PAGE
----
Los Angeles Times - - NEWS -

An of­fi­cial ad­justs bunt­ing in the colors of the Rwan­dan flag at a polling sta­tion in Ki­gali, the cap­i­tal, on Thurs­day, the eve of the coun­try’s pres­i­den­tial elec­tion. Long­time leader Paul Kagame is widely ex­pected to win. He won the 2010 elec­tion with 93% of the vote and has al­ready claimed vic­tory in Friday’s vote, telling a rally in July that “the day of the pres­i­den­tial elec­tions will just be a for­mal­ity.” A con­sti­tu­tional amend­ment af­ter a ref­er­en­dum in 2015 al­lows him to stay in power un­til 2034 if he pur­sues it. Pres­i­den­tial can­di­dates have been barred from putting cam­paign posters in most pub­lic places. The elec­toral com­mis­sion has vet­ted can­di­dates’ cam­paign mes­sages, warn­ing that their so­cial me­dia ac­counts could be blocked oth­er­wise. Kagame, 59, has been de facto leader or pres­i­dent of the na­tion of 12 mil­lion peo­ple since his rebels ended its 1994 geno­cide. Al­though he re­mains pop­u­lar for pre­sid­ing over eco­nomic growth, he in­spires fear among some Rwan­dans who say he uses the pow­ers of the state to re­move per­ceived op­po­nents.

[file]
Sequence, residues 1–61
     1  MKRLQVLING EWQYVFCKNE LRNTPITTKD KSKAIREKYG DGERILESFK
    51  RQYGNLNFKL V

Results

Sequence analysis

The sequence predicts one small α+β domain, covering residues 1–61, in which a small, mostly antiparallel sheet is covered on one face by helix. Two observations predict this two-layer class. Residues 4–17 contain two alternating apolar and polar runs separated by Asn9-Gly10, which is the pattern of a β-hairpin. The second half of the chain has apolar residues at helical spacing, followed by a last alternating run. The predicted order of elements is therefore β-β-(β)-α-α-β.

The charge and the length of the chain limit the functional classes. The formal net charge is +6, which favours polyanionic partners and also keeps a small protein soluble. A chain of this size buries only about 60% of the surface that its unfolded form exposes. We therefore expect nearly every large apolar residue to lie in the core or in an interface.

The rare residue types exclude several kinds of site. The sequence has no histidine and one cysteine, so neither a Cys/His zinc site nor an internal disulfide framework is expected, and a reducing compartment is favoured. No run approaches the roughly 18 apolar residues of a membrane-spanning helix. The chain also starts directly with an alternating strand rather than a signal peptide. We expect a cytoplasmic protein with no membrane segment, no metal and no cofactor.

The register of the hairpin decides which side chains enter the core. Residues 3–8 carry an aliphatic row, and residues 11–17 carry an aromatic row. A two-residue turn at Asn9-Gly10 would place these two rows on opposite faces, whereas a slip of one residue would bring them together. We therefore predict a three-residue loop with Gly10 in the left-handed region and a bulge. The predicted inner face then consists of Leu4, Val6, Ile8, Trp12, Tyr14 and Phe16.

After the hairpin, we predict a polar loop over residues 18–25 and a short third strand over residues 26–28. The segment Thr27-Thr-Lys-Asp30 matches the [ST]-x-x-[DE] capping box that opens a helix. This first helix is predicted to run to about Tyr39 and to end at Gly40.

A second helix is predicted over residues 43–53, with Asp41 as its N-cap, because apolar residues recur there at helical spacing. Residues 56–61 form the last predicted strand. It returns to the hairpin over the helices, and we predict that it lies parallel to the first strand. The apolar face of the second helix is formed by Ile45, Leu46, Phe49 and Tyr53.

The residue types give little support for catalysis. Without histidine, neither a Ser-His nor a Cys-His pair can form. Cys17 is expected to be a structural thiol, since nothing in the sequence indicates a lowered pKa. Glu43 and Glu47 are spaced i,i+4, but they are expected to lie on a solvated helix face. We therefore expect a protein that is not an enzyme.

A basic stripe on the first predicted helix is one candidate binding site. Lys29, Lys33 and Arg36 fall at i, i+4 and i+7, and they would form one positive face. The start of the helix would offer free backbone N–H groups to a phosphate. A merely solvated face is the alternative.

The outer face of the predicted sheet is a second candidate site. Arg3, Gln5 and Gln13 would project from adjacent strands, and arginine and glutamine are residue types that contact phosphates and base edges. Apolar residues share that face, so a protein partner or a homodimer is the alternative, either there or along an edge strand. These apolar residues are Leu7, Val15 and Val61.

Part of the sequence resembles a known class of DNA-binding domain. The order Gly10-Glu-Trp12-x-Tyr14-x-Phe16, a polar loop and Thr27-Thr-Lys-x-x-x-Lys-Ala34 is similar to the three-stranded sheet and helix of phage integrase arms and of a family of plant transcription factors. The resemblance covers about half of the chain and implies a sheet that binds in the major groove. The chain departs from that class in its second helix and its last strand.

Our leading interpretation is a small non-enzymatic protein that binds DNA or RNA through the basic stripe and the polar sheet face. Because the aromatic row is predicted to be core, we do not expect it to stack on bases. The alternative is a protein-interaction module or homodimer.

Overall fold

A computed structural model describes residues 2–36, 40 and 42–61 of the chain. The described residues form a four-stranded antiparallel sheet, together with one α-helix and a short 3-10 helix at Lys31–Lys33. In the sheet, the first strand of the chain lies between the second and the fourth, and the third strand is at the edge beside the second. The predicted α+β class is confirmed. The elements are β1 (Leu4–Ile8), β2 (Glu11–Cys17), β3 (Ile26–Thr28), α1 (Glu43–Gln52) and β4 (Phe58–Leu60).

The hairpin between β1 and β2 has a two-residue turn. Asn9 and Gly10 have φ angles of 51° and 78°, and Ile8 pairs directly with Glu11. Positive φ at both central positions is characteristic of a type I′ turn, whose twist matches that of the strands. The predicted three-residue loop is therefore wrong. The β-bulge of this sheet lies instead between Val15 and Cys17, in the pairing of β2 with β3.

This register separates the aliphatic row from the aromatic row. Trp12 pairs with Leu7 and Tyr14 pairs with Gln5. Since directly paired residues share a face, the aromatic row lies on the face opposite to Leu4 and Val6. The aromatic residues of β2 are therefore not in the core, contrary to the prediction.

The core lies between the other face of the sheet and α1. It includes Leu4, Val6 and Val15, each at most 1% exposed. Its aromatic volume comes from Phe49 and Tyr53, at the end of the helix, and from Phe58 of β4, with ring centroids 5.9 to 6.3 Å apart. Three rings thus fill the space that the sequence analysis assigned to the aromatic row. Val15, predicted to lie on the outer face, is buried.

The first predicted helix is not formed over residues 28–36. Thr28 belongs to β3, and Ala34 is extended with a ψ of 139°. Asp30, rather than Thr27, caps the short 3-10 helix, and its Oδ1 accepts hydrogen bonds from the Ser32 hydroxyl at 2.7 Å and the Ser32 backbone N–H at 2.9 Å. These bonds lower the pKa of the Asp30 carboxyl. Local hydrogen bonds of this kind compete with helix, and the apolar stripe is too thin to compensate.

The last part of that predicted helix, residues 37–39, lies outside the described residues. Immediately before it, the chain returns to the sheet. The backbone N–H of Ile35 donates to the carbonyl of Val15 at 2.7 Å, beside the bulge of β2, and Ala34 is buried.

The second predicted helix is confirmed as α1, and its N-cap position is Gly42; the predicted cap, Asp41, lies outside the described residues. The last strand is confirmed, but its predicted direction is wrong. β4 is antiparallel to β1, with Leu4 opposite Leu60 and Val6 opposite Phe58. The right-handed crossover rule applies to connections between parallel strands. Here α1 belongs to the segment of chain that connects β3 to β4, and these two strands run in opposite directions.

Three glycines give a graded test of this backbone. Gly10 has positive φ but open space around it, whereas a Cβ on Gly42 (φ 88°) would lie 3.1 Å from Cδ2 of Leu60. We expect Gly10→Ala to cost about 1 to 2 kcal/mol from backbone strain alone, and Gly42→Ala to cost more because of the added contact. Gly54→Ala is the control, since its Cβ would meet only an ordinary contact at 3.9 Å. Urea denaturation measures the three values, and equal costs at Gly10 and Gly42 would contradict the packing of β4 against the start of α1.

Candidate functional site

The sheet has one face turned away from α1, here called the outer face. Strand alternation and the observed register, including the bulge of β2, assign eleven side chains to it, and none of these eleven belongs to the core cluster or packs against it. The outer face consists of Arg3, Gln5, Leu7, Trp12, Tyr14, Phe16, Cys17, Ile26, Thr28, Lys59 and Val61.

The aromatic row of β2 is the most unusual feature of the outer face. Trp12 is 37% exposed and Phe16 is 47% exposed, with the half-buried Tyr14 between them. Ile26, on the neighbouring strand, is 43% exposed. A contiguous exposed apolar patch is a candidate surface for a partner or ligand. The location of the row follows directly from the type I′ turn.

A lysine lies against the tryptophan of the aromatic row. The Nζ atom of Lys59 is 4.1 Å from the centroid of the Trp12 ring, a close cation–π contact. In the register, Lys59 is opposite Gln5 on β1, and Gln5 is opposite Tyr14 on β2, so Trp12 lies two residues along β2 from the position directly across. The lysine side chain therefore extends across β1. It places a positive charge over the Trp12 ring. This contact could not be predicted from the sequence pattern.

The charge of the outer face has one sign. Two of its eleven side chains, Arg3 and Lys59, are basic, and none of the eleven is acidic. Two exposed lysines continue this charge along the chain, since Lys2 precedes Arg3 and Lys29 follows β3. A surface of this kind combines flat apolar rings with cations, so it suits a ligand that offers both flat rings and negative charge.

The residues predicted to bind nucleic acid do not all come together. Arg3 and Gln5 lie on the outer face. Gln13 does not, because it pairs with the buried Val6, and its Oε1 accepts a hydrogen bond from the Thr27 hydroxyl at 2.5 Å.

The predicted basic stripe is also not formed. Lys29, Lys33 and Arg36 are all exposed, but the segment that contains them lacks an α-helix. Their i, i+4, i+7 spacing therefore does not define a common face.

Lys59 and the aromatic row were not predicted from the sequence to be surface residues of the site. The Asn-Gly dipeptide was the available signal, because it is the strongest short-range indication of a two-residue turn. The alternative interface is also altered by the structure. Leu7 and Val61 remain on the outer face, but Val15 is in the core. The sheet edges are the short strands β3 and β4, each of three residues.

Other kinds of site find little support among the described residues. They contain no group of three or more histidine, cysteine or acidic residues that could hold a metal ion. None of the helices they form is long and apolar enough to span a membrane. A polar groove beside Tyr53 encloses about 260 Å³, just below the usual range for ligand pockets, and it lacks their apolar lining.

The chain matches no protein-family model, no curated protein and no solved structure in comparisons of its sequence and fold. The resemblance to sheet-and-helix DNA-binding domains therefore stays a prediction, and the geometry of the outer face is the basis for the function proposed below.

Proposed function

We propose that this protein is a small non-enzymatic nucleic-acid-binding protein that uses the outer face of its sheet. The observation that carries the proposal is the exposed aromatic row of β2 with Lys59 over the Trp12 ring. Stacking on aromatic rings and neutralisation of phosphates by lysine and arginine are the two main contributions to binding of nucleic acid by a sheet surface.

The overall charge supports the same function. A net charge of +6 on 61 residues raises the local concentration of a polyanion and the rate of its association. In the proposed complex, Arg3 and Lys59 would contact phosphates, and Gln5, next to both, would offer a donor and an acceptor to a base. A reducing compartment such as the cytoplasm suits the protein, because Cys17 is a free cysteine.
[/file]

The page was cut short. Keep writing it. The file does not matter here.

Marco Lon­gari AFP/Getty Images

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